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Who Am I? Self Inquiry Through Yoga

Yoga is not about getting to know the postures. It is about getting to know yourself.

Gary Kraftsow

Physical practice

What we know as Westerners to be yoga, is more of a physical practice. Of course it is linked somewhat with meditation, breathing and awareness, but that is it. And you are lucky if it is incorporated at all into the yoga class.

I don’t think there is anything wrong with (just) the physical aspect of yoga, it seems to make yoga accessible to people. You gain strength, feel empowered because of it, you’ll feel good and relaxed after, the mind may even stop racing so a certain peace also arrives on the doorstep. All good right?

Absolutely! A beautiful, possible doorway towards getting to know yourself beyond getting to know the poses. Even when getting to know yourself is not your initial motivation, it might still, slowly but surely, creep up on you….

When you slow down and take an interest in yourself, you dare to start feeling yourself, not only the body, but YOU, that awareness of being alive that seems to be centred in the chest area. When that begins to take hold of you, you’re hooked!

A meditation inquiring: “Who am I?”

We ask ourselves the question “Who am I?” Not to answer it from the mind, but to feel and sit with the question from our heart. An adventure… try it!

Looking deeper

The experience of a deeper peace has become available and the search for more begins …
Suddenly the philosophical aspect of yoga becomes of interest. Attraction to inquiry into the deeper parts of ones own being and a longing to understand the truth about suffering and happiness are most likely next.

Since the old texts all point to the same inquiry, sooner or later you will be looking into the question “Who am I?” 

“Who am I” is not such an easy question. The mind will try to by-pass this question in anyway it can. The mind really doesn’t like the insecure feeling that this question brings up. The implication of the question “Who am I?” can only be that you apparently aren’t what you thought you were. It implies you haven’t figured it all out at least. The mind likes to know, the unknown is scary.

All your life you’re busy trying to build up your personality/your ego, figuring out who you are. So any inquiry into whether you are what you think you are is threatening to the mind. This question “Who am I?” and the mind’s reaction to this question triggers our fear for survival. The deepest fear of human beings.  If I am not who I think I am, then who am I? Do I exist at all?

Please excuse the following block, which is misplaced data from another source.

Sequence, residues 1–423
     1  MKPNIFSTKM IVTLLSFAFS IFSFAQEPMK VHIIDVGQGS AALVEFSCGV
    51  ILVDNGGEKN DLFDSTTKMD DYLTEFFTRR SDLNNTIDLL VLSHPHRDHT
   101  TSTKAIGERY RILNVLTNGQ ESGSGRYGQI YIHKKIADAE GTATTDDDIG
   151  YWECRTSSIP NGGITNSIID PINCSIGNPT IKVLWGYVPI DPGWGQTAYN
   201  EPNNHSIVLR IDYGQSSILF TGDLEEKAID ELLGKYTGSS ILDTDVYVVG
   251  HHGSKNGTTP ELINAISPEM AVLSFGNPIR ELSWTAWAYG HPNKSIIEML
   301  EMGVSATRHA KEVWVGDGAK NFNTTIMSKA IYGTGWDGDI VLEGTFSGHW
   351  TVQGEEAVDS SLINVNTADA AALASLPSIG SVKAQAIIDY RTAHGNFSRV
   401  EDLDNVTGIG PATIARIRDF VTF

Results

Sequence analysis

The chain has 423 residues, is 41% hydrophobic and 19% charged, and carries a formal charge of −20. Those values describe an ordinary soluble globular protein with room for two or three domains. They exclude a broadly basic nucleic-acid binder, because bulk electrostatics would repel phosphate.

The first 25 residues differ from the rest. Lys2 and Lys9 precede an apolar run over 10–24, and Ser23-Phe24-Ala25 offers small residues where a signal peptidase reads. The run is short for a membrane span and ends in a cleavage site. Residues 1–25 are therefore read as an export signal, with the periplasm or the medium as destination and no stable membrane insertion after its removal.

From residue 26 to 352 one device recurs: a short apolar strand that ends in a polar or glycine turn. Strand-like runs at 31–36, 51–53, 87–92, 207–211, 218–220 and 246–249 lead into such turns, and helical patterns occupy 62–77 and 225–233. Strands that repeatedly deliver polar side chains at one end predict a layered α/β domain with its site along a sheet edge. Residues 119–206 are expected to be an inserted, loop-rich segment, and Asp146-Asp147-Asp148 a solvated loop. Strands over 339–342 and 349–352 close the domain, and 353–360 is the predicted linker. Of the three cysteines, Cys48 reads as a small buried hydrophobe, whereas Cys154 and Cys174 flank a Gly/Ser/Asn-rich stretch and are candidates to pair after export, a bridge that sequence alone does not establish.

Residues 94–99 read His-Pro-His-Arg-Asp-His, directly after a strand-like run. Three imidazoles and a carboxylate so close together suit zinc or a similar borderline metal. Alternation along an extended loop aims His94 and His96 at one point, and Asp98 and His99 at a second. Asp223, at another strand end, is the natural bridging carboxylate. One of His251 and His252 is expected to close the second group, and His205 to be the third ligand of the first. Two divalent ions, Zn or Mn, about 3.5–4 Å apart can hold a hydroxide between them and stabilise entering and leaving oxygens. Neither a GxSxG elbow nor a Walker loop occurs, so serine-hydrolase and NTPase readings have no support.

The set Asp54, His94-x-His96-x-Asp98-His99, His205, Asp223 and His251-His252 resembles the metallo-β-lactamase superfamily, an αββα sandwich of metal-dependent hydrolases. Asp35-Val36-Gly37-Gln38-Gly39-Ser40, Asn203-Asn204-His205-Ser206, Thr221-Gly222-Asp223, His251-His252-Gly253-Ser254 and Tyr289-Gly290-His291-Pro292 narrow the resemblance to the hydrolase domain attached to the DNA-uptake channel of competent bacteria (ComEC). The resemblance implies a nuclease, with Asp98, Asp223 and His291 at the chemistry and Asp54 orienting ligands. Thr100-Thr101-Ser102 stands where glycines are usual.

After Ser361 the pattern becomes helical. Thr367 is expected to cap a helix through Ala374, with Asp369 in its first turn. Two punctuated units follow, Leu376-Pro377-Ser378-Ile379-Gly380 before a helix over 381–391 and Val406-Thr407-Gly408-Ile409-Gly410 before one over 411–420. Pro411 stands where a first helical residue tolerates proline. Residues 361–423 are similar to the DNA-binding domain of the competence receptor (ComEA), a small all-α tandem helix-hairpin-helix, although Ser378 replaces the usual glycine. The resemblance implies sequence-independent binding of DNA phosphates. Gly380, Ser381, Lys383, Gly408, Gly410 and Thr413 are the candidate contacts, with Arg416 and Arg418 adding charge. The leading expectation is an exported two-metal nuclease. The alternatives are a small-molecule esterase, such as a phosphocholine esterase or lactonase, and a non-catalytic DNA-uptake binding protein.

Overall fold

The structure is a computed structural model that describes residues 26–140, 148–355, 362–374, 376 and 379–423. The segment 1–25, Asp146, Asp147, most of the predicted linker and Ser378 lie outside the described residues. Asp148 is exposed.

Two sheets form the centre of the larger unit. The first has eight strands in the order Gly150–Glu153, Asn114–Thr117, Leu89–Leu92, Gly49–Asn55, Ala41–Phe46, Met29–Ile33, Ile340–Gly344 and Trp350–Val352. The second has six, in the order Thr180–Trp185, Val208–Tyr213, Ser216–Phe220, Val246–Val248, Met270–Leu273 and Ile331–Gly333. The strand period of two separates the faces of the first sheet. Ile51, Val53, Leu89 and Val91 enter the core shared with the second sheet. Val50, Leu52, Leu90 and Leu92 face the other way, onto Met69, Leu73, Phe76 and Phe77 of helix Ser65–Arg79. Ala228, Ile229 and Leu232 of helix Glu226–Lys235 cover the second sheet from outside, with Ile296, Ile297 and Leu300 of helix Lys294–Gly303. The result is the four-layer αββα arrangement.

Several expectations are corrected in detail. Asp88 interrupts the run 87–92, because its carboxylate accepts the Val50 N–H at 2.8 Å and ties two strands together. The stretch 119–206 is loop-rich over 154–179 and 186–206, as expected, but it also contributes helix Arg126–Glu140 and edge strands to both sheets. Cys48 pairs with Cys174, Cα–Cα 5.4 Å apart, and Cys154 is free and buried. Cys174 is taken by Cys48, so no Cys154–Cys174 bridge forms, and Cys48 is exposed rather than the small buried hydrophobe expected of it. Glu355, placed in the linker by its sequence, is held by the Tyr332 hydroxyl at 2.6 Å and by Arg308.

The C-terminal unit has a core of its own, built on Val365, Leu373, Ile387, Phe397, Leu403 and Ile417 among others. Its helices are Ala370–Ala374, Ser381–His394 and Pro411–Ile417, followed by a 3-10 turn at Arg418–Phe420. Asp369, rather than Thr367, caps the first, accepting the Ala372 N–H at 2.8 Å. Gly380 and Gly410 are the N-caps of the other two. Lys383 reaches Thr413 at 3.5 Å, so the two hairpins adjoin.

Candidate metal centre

Self Inquiry

The invitation is though, to dive deep into this question “Who am I?”. We do this by directing our intention back to the I-thought, from which all other thoughts arise. The question “Who am I?” focuses us on the search for the true self, and we forget about all other concerns and worries of the mind. All of our thoughts are based on the thoughts of the self, it concerns the self one way or the other.

Somehow we never just focus on pure being, feeling the pure Self. We seem to be only busy filling in what the self is. Like I am warm, or cold, or happy or unhappy. This is mine is also an interesting thought where we confuse ourselves with an object, quality or condition. Through self-inquiry we try to let go of the filling in and go back to the pure Self, which is formless and just an awareness. Unknown really.

The Truth

The truth is we don’t really know who we really are. What we think of as our Self is usually an emotion, thought or sensation that we temporarily identify with and that is constantly changing. How can we be that, what constantly changes? This includes our body, we are not the body, we just temporarily express ourselves through the body.

Since it is not possible to say what and who we truly are, and we can only point to it, sometimes it is easier to say and see what we are not. We are not that what changes, that what is temporary. So any feeling, thought, sensation, experience, that sooner or later changes is not what we are and we can say, this is not it. This is all creative energy but not me, this helps us to not attach to what we are not. This way we will get closer and closer to what we are. Any technique at one point also needs to be let go off, but we can hold on to this for a good while.  Also an expanded state of being comes and goes, we also don’t attach to those, which might be harder then not attaching to a more dense “negative” state.

So if you are interested to find out who you truly are, keep asking yourself the question “Who am I”  or “Who is doing, feeling, thinking, experiencing …(this) .. ?” And at the same time releasing and letting go of all that you are not.

This Self-Inquiry may lead us to some realisation that the true Self is beyond time and space, name and form, birth and death, beyond all experience. That the true Self is the observer of all experience, the space in which all happens, and ultimately that what we truly are shines forth in everything.

Although it’s not easy to stick with this Self-Inquiry, it is worth it, and the only real thing to do.

With love,

By Esther

To learn more about this beautiful article visit https://www.ekhartyoga.com/articles/practice/who-am-i-self-inquiry-through-yoga

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